May Repulse: thoughtful, cautious, and slow-responding people who lack a friend to pick up the second controller.

Comparable To: a more forgiving and mobile Rush’n Attack, better art direction and music than Super Contra, more straightforward and action-packed than Contra Force, more stable than Ikari Warriors, less frustrating and better hit detection than TMNT, easier than Ninja Gaiden or Empire Strikes back, and Contra is the grandpappy of Metal Slug. Continue reading

Mechwarrior (SNES)

It’s not a giant Galactus tiara so a grognard has assuredly written a sternly worded treatise about this image’s canonicity. The pilot better be wearing an 80s thong bikini bottom or else!

Game Name: Mechwarrior (SNES version, 1993)
Developer: Beam Software
Platform: SNES (reviewed on a SNES emulator)
Categories: Remake of the 1989 release – Not a Port, Battletech Inspired, FPS Mech Sim, Merc Contracts, Objective Variety, 50+ Missions, Performance Rewards, Revenge Plot, Heavy Customization, Punishing Difficulty, Auditory Mess, Flashy Sprites/Effects, 3D Battles on a Flat Map, Open Arenas, Clunky Controls, RPG-Style Intermissions, Quirky Characters, Immersive World, Surprisingly Cyberpunk for this Universe

May Appeal To: Battletech diehards, Shadowrun junkies, just plain ol’ SNES owners
May Repulse: PC owners and people with discretionary gaming options

Comparable To: the hideous bot design and coloring found in Rise Of The Robots, the seedy bar sequences with mysterious characters like in various Shadowrun incarnations, “Tank! Tank! Tank!” without special abilities and you’re the sole target. But I found the largest similarities with the classic action of Battlezone – if you could blow off enemy limbs. This has less mission complexity than Mechwarrior 2, less everything than Mechwarrior 3, and more personality than Mechwarrior 4.

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Mechwarrior 3050

I half expect to see some scrawny farm kid run by with an anthropomorphic frog in his backpack.

Game Name: Mechwarrior 3050 (1994)
Developer: Tiburon Entertainment (Soviet Strike, Nuclear Strike, Madden NFL)
Platform: Sega Genesis, SNES (reviewed on a SNES emulator)
Categories: Stompy Mech Combat, One Man Army, 3/4 Isometric Perspective, Customized Loadouts, Nuanced Attack Patterns, Precision Bullet Counting, Bullet Hell, Hard as Hell, Hella Satisfying, Niche Gaming, Finicky Controls, Few Missions, Exceptional Animations/Graphics, Repeat Play Experimentation, Weird “Multiplayer”, Laudable Cheats, and Level Completion Codes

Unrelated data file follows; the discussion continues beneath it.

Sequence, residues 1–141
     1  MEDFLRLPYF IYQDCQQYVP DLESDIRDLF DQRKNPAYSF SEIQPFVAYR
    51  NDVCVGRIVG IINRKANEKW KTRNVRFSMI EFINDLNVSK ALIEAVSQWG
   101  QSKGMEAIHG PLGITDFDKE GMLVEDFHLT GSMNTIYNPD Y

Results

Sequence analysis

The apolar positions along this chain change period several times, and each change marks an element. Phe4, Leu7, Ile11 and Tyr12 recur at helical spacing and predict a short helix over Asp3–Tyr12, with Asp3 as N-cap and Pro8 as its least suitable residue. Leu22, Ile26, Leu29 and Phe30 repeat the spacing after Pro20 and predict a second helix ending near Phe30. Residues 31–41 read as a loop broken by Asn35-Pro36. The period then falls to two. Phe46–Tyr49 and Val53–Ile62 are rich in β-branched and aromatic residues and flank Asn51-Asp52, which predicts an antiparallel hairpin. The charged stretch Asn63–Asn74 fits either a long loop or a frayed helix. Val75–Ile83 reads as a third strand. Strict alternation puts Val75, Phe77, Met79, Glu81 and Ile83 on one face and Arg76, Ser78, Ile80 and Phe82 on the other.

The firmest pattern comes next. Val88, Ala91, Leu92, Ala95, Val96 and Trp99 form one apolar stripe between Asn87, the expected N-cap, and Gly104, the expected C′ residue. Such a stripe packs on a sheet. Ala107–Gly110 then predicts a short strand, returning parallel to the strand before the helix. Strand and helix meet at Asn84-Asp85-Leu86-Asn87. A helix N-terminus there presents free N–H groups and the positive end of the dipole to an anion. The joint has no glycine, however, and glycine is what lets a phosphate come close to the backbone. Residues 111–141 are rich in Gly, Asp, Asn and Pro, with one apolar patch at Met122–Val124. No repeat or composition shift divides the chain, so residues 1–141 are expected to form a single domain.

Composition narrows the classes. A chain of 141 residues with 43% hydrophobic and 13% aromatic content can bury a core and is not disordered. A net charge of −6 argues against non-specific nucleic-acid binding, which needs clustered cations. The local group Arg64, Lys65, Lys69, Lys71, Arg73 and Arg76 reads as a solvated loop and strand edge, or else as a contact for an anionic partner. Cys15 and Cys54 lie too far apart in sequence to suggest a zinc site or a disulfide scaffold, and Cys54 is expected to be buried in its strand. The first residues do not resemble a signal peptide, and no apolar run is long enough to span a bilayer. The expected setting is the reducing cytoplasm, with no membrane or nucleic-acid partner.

May Appeal To: Battletech grognards, practical mecha fans, battlebot audiences, spec ops military commandos, ammo conservationists, holistic enjoyment gamers
May Repulse: Battletech grognards, Gundam-style mecha fans, conventional military theorists, run-and-gunners, spray-and-prayers, nitpickers

Comparable To: …. Jungle Strike. This game is positively a mech-ridden, slow paced Jungle Strike but with varied loadouts and a hefty boost to the enemy count. The “authentic” ground-pounding feel of Armored Core is alive and well but with more numerous enemies. I wouldn’t go as far as to say this is Dynasty Warriors: Gundam swarms of enemies and projectiles but there is a definable bullet hell element to the game at its pinnacle, up there with the entry levels to a classic alternative take on WWII like the 1945 arcade title. Strangely enough, I frequently remembered the ammunition conservation like the true “survival” games in the Resident Evil series. Finally, the lop-sided power in taking down so many tanks, helicopters, hovercraft, turrets, and a sprinkling of mechs is iconic to the Mechwarrior series, primarily MW3/MW4 and Mech Assault . Mechwarrior 3050 was the second game with “Mechwarrior” in the title but made huge improvements to the aesthetics, mechanics, pacing, and fun of the original.